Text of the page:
Michael Silverblatt

Michael Silverblatt

Host, Bookworm

A man who converses on an equal plane with writers of fiction and poetry, often surprising them with his insights, Michael Silverblatt has made Bookworm the country's premier literary talk-show. Joyce Carol Oates once called him the "reader writers dream about."

Silverblatt's formidable knowledge comes from close reading and analysis of a writer's entire oeuvre. As host and guiding spirit of this weekly show, Silverblatt has reinvented the art of literary conversation, introducing listeners to new and emerging authors along with writers of renown.

He regularly hosts literary conversations for Lannan Foundation's "Readings and Conversations" series in Santa Fe, New Mexico. Following a 2011 conversation between Silverblatt and poet laureate, W.S. Merwin, Merwin left this note:

I must tell you I have been interviewed to something like excess, but an interview with you is unique. It is an original and you never ask any of the over and over questions that have been so often asked and answered. That makes these conversations with you an unfailing and singular pleasure.

A New York native, Silverblatt graduated from the State University of New York in Buffalo and later took advanced courses at Johns Hopkins. He moved to Los Angeles in the mid-1970's, working in motion picture public relations and script development. He created Bookworm, for KCRW in 1989.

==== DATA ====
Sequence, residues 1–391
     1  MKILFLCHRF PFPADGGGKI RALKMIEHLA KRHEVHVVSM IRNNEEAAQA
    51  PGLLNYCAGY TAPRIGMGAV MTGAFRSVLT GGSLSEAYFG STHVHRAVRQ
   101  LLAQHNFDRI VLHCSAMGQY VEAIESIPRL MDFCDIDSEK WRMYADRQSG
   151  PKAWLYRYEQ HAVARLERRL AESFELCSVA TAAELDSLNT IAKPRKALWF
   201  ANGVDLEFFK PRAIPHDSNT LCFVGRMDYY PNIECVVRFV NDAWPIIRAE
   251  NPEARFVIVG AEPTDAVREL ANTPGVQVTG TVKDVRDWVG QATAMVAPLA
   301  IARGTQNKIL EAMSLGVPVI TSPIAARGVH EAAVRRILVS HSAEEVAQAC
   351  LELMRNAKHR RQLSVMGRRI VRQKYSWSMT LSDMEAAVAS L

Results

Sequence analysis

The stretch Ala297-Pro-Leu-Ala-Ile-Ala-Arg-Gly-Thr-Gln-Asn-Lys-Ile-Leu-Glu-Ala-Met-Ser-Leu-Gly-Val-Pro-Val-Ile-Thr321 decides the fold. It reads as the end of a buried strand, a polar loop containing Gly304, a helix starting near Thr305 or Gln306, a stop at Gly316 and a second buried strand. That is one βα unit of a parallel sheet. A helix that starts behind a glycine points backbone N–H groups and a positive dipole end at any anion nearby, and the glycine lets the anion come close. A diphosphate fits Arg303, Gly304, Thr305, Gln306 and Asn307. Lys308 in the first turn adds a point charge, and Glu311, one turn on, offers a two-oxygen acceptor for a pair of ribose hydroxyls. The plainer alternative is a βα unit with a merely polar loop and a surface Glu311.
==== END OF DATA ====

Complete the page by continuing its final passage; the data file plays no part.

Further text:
As a student, he came under the influence of such cutting-edge author-teachers as Donald Barthelme and John Barth; as a radio talk-show host, he learned to appreciate a much wider range of writing – making him, he hopes, "a person of ferocious compassion instead of ferocious intellect."

With more than two decades' worth of shows, Bookworm has become one of the best centers to hear the voices of contemporary writing, any time, anywhere, locally and globally via the Internet.

Michael Silverblatt on KCRW

Dunce, by Mary Ruefle, finds meaning everywhere.

Mary Ruefle: Dunce

Dunce, by Mary Ruefle, finds meaning everywhere.

from Bookworm

Katya Apekina’s novel The Deeper the Water the Uglier the Fish has a dark sense of humor, and an interest in the soul.

Katya Apekina: The Deeper the Water the Uglier the Fish

Katya Apekina’s novel The Deeper the Water the Uglier the Fish has a dark sense of humor, and an interest in the soul.

from Bookworm

Sarah Rose Etter’s   The Book of X   belongs to a literary conversation about the grotesque and surreal.

Sarah Rose Etter: The Book of X

Sarah Rose Etter’s  The Book of X  belongs to a literary conversation about the grotesque and surreal.

from Bookworm

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